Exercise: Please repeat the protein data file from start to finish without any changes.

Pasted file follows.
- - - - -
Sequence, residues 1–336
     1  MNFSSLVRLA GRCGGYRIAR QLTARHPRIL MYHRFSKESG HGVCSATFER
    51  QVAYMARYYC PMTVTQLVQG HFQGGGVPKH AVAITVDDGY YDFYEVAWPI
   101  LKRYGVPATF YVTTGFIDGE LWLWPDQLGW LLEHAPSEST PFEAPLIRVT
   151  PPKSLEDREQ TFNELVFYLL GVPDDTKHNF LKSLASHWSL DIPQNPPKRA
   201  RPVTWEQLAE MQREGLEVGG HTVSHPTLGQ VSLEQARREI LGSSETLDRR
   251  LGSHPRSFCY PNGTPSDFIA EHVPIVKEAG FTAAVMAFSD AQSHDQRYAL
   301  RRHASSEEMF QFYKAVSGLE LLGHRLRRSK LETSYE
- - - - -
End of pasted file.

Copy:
Sequence, residues 1–336
     1  MNFSSLVRLA GRCGGYRIAR QLTARHPRIL MYHRFSKESG HGVCSATFER
    51  QVAYMARYYC PMTVTQLVQG HFQGGGVPKH AVAITVDDGY YDFYEVAWPI
   101  LKRYGVPATF YVTTGFIDGE LWLWPDQLGW LLEHAPSEST PFEAPLIRVT
   151  PPKSLEDREQ TFNELVFYLL GVPDDTKHNF LKSLASHWSL DIPQNPPKRA
   201  RPVTWEQLAE MQREGLEVGG HTVSHPTLGQ VSLEQARREI LGSSETLDRR
   251  LGSHPRSFCY PNGTPSDFIA EHVPIVKEAG FTAAVMAFSD AQSHDQRYAL
   301  RRHASSEEMF QFYKAVSGLE LLGHRLRRSK LETSYE